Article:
Translation of diction in Spanish:

diction

dicción, n.

Pronunciation: /ˈdɪkʃ(ə)n//ˈdɪkʃ(ə)n/

noun

  • 1

    (clarity of speech)
    dicción feminine
    she has very good/poor diction tiene muy buena/mala dicción
    • Worshippers are encouraged to be careful about diction, stay in tune, sing exact note values, and avoid forcing the sound.
    • The children's choir sang with freshness of tone, clarity of diction and did not appear fazed by the dissonances that surrounded their vocal line at times.
    • Grant pronounced each word slowly, with careful diction, as if Eric were a simpleton.
    • She emphasised diction and clarity of speech and Una recalls students emerged from a multi-cultural education talking as if they had been to RADA.
    • ‘Listening to Nat Cole prompted me to sing sentimental songs with distinct diction,’ he said at Blueberry Hill.
    • The judges chose them for the expression in their voices, excellent diction and the range of dynamics expressed in their music.
    • Of course, applied voice teachers around the world have used the IPA for decades to teach singing diction.
    • We take it as a given that television and radio announcers usually are more careful and precise in their diction than is the man on the street.
    • How did he achieve such excellence, such vivid diction, such lovely phrasing, such expressiveness?
    • I assigned a language coach to work on accent and diction, and took it upon myself to work on meaning, phrasing, and effect.
    • When we talked about this, Katherine's southern accent became pronounced in both her diction and her drawl.
    • Soprano Juliane Banse's fruity voice is neither childish nor stereotypically innocent, but her diction and sensitivity to words are exquisite.
    • Ensemble is well polished, they take great care with words and diction, and frequent soli from the choir move in and out with ease.
    • As James, Mark Caven gives an honest and believable performance with clear diction and a consistent accent.
    • Your delivery, intonation, diction and fluency are all wrong, and you remind me of someone who hangs about on street corners, opening your jacket and trying to sell people things.
    • His diction is amazingly clear and even when he sings, every word is audible.
    • It still needs to work on its diction and intonation, which can dip badly in quiet passages.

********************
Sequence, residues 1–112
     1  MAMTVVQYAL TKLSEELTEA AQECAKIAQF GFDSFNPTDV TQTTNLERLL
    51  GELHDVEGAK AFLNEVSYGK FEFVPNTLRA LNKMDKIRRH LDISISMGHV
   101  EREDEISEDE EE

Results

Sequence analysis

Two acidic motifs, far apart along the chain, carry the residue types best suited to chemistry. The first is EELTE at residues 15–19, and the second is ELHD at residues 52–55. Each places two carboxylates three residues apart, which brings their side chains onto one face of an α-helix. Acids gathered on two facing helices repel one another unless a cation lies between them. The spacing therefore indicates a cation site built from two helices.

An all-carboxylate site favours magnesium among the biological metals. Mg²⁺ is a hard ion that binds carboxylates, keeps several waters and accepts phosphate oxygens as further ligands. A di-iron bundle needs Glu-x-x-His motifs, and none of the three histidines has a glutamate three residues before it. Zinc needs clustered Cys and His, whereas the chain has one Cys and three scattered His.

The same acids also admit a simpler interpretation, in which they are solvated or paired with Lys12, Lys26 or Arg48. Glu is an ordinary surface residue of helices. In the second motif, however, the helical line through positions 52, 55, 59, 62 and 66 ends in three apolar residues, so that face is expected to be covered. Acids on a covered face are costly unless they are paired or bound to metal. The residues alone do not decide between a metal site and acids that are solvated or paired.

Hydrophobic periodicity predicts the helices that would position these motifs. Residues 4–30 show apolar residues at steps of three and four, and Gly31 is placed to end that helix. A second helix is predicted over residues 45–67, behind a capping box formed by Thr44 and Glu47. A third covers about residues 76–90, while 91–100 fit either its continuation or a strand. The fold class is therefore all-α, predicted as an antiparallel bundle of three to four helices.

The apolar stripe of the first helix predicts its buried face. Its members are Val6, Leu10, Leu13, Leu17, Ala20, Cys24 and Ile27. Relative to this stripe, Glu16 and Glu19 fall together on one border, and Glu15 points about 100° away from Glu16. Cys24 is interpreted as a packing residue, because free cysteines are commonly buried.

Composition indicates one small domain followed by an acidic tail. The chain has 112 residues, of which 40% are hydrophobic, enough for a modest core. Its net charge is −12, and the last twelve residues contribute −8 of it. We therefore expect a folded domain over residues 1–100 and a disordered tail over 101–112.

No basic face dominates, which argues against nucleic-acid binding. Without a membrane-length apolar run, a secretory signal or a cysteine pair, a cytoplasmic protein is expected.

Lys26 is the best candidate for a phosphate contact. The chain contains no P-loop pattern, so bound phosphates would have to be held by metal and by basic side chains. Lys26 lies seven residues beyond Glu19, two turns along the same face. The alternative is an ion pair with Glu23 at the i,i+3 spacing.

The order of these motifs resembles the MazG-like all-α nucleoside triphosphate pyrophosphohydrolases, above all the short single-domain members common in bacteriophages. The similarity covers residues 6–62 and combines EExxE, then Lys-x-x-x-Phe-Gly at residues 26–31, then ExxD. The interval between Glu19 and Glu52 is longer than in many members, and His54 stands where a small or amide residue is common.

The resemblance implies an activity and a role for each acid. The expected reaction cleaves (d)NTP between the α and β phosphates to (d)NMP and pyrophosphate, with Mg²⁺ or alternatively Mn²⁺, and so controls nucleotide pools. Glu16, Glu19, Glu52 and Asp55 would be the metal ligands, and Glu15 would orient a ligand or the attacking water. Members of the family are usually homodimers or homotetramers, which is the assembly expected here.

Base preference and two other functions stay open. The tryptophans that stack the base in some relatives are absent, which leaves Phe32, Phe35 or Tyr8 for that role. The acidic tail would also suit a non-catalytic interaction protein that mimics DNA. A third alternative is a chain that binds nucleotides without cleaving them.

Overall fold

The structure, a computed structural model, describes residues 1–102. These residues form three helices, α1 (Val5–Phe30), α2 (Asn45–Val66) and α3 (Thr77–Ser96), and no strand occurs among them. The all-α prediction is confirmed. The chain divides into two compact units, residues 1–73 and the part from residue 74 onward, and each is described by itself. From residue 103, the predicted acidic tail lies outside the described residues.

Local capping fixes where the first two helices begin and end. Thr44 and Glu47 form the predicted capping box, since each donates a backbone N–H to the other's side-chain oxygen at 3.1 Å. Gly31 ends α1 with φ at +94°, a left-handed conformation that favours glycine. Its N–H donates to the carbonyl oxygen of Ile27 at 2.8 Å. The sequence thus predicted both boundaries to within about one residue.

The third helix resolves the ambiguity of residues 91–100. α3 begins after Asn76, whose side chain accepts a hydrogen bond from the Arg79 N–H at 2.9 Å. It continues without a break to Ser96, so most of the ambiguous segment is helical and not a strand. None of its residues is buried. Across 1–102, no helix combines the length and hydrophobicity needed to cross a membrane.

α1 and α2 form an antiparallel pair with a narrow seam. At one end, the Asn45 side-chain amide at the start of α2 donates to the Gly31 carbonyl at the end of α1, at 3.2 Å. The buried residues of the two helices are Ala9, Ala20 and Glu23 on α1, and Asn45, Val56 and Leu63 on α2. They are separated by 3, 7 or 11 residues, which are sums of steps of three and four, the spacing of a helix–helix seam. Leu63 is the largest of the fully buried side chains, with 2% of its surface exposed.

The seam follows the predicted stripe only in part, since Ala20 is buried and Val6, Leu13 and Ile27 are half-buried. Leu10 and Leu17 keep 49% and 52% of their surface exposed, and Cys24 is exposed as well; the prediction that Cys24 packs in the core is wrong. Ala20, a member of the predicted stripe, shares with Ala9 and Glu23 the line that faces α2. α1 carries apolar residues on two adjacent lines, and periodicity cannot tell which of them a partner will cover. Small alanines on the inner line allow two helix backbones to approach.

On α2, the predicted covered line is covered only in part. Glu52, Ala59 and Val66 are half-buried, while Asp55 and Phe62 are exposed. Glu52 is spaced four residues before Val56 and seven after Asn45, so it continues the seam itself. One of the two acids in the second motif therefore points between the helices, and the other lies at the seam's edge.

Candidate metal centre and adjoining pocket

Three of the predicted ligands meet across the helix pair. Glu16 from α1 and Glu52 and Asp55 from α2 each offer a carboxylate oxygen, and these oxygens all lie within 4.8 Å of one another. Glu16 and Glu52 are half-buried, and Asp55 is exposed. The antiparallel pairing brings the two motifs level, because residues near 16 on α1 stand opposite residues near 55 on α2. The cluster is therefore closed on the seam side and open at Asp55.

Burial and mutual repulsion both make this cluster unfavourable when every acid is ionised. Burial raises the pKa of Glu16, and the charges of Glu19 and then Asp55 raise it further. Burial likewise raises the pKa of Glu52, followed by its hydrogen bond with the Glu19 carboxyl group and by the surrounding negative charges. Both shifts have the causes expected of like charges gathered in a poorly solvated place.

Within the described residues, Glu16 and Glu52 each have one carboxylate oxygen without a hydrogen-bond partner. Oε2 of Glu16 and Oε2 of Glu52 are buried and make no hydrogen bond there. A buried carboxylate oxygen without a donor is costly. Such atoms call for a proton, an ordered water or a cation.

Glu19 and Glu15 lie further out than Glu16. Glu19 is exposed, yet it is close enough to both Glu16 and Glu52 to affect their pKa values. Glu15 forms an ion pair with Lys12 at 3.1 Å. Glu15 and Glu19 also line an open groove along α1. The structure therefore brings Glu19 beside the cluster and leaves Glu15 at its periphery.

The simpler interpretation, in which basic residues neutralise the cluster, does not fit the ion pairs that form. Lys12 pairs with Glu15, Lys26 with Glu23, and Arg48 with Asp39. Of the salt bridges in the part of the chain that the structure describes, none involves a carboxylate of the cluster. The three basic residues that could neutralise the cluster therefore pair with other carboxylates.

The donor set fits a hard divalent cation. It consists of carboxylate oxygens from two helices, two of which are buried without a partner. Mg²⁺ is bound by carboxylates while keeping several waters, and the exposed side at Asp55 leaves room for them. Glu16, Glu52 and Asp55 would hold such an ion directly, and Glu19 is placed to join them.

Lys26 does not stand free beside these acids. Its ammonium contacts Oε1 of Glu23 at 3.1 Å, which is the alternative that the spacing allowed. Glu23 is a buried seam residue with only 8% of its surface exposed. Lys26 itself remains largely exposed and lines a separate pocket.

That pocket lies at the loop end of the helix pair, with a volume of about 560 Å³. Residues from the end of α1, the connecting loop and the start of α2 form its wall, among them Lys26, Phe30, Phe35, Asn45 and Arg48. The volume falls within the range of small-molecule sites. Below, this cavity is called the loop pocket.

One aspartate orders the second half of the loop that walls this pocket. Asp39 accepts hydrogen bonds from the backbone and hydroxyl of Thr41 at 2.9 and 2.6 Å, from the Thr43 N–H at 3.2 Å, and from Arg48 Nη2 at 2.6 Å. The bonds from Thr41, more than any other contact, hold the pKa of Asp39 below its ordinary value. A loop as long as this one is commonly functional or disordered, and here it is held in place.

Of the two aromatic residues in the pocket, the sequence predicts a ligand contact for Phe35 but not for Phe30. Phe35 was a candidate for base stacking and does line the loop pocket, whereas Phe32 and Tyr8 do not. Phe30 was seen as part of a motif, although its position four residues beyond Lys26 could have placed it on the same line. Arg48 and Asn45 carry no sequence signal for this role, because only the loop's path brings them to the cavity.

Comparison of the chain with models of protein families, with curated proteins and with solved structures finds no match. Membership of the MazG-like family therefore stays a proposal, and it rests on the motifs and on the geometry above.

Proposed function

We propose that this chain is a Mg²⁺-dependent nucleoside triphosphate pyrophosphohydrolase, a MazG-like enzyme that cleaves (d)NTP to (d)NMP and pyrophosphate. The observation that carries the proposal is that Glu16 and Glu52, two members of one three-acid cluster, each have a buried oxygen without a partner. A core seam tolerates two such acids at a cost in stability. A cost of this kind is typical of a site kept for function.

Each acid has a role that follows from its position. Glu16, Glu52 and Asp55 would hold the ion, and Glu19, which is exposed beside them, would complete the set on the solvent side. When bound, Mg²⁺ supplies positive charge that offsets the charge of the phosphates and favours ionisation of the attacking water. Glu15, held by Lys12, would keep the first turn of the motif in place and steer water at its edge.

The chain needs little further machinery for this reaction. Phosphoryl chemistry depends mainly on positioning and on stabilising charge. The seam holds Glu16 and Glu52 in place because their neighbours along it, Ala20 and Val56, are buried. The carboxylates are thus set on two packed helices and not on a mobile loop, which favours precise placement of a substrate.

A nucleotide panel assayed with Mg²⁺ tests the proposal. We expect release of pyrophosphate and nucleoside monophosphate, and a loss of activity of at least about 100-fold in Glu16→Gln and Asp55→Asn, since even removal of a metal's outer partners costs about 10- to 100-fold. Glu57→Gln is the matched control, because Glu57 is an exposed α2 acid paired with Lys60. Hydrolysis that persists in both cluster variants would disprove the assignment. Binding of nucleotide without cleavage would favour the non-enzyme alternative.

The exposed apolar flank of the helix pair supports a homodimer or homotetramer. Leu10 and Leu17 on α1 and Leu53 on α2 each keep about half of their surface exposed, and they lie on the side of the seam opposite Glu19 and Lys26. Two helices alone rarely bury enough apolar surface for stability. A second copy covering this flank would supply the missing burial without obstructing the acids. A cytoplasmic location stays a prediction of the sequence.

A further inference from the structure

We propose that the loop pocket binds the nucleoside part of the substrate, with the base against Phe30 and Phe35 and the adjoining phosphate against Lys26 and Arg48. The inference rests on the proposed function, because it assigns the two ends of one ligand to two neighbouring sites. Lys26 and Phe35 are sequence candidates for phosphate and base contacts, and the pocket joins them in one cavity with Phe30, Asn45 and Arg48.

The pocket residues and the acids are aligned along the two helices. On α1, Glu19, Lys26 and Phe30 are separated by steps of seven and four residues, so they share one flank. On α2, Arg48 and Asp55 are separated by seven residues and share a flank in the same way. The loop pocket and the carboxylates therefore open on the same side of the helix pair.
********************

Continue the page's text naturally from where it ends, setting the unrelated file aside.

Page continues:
• My already considerable admiration for Ms Olibert would have grown had she written on the problems associated with improper enunciation and diction.
    • It has been my observation that most of the broadcasts are presented at machine gun rate, with almost incomprehensible diction and enunciation.
    • It's frankly ridiculous to suggest that, even with perfect articulation and diction, the singers' words will all be intelligible.
  • 2

    Literature
    lenguaje masculine
    • It's an exemplary piece of practical criticism: Ricks teases out Larkin's dense and careful diction, plots the play of syntax against metre, unweaves the rhymes.
    • Born in 1934 in deepest Carmarthenshire, she spoke Welsh and French before landing elegantly on English, a progress that perhaps explains the alien perfection of her diction.
    • Instead of poetic diction, we have expository prose.
    • Both he and Frost advocated the use of natural diction, and of colloquial speech rhythms in metrical verse.
    • Laurens attempts to give the story a mythic dimension by using heightened diction that employs cascading images, inverted word order and endless puns.
    • Should Bible translators be concerned about such things as the diction, rhythm, exaltation and beauty of the language that they use to represent God's word?
    • What were the minute, intricate, internal connections of diction and usage and metaphor?
    • But the grasp she had on the written word, on the inner springs and impulses of the language, made grammar and syntax and diction resemble the laws of physics.
    • Shakespeare imposed no exclusive criteria upon his vocabulary and erected no shibboleth of purity of diction, such as was to hamstring Continental theatre for centuries.
    • But Pinsky's more fully developed critique is of an emerging poetic diction susceptible to a too easy appropriation.
    • He studied poets such as Shelley, Browning and Wordsworth diligently and imitated their style and diction.
    • And later, these men and women had to do a minute analysis of one another's diction, style, language, and so on.
    • Horace certainly employs metaphors, but metonymy is by far the more common trait in his poetry and brings his use of language closer to a vernacular diction.
    • Addressing her fifth and last difficulty, Homer's diction, Dacier's tone, vocabulary, and attitude instantly change.
    • ‘Prose is struggling a bit to find a style and diction,’ he says.
    • While there is much to praise on the whole about Shepherd's language, his diction is elevated to such a level at times that it can feel stilted or in conflict with the subject matter.
    • Its flowery and elevated diction, however, deny the characters speech that approximates dialogue between real people.
    • It is true that imagination is in short supply among preachers; our language and diction are impoverished by our lack of imagination.
    • This question of register or diction, is, however, a choice that every translator makes for him or herself.